Biofiltration is one kind of common technology used for treating micro-polluted brackish aquaculture wastewater. Based on the characteristics of actual water quality, a novel two-stage biofiltration system was set up to reduce potential nutrient pollution brought by the frequent exchange of water in brackish pond aquaculture. Zeolite was selected as filtration media for the first stage and pyrite mixed with a small amount of sulfur for the second stage. Apart from the adsorption of nutrients exerted by these natural minerals, biofilm played a leading role in nutrient removal. The surface and internal pore of zeolite-sheltered nitrifiers and sulfur-containing compounds enhanced autotrophic denitrification. It was found that ammonia adsorption capacity of zeolite was reduced by nearly 58% when salinity was increased to 1.5%, while phosphate adsorption capacity of pyrite was hardly influenced and systematic hydraulic retention time (HRT) of 24 h was proven appropriate, 9.6 h and 14.4 h for the two stages, respectively. Meanwhile, removal efficiency of 96.5% for NH4 +-N and 92.1% for total inorganic nitrogen (TIN) was achieved under this condition. The analysis of microbial community of biofilm indicated that dominant genera responsible for nitritation and nitration on the surface of zeolite were Nitrosomonas and Nitrospira, respectively. Dominant genera responsible for autotrophic denitrification on the surface of pyrite and sulfur were both Thiobacillus. In addition, Ferritrophicum, related to the iron-oxidizing bacterium, also coexisted due to biological oxidation of pyrite. Long-term operation verified applicability and stability of this two-stage biofiltration system for brackish aquaculture wastewater purification.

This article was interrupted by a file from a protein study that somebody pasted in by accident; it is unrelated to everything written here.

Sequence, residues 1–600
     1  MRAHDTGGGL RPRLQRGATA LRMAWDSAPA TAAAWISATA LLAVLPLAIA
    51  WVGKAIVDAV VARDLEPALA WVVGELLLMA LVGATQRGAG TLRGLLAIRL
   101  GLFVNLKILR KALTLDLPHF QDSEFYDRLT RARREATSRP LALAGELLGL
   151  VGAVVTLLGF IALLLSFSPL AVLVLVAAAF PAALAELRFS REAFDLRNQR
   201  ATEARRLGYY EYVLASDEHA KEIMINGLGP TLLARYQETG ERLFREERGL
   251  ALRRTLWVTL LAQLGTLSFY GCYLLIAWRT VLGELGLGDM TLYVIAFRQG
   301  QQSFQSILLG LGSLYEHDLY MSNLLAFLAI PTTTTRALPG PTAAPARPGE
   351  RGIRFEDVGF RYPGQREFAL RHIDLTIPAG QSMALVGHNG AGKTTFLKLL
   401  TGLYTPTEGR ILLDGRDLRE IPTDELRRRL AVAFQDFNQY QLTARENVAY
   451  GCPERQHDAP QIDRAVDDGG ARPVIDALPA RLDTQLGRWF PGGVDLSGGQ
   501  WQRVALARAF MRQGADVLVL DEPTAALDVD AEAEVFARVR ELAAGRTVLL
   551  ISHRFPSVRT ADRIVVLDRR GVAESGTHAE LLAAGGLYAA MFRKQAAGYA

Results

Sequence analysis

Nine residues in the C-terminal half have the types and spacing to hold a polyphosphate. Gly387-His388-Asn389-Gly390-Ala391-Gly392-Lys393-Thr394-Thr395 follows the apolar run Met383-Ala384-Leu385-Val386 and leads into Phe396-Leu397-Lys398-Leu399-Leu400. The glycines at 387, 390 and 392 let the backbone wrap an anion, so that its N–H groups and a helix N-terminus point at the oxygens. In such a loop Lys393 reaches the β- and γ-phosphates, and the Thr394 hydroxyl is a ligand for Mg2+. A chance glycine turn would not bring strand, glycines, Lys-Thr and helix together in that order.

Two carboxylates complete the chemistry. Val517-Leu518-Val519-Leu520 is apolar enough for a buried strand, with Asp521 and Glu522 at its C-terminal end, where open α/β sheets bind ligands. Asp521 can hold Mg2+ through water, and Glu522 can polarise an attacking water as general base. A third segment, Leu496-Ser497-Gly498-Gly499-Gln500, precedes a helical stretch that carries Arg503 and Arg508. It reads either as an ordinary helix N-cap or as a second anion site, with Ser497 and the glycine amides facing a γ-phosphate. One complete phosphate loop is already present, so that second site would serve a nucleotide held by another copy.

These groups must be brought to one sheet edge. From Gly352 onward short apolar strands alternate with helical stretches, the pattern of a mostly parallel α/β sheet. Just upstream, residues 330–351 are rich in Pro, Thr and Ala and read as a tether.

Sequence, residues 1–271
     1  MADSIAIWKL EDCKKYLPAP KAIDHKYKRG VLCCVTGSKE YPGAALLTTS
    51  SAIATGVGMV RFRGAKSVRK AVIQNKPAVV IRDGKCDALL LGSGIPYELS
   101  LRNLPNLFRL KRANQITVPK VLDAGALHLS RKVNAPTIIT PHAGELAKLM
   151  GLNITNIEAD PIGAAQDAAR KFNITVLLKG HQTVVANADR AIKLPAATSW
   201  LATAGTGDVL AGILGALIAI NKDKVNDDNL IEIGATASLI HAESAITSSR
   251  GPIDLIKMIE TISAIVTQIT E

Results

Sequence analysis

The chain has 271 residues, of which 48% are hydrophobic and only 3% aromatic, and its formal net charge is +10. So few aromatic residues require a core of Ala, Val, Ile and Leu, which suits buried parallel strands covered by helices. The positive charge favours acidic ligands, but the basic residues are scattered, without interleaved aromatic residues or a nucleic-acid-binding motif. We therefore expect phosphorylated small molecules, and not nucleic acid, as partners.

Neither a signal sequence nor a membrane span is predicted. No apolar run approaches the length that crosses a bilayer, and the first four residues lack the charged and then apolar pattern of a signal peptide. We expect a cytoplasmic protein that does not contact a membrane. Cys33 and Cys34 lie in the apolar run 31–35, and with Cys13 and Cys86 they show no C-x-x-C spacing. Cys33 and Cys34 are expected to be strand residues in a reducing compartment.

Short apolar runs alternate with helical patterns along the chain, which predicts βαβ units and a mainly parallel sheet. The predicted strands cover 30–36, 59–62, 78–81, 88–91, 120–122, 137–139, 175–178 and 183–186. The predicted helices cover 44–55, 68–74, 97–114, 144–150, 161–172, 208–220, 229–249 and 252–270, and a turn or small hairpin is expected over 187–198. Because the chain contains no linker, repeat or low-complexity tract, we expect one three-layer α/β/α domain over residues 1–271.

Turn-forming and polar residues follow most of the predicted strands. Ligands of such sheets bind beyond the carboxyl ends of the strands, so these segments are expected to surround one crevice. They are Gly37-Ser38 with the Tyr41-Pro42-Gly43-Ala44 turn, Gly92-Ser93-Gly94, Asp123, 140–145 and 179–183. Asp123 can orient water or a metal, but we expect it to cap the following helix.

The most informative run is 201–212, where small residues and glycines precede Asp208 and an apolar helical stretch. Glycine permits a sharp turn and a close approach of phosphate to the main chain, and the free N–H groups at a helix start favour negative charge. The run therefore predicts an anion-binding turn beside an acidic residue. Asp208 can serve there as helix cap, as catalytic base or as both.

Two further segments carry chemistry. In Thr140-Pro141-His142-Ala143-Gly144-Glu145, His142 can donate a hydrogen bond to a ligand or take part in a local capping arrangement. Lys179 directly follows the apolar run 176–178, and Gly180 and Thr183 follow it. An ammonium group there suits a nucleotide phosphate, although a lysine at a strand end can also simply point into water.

All Science Journal Classification (ASJC) codes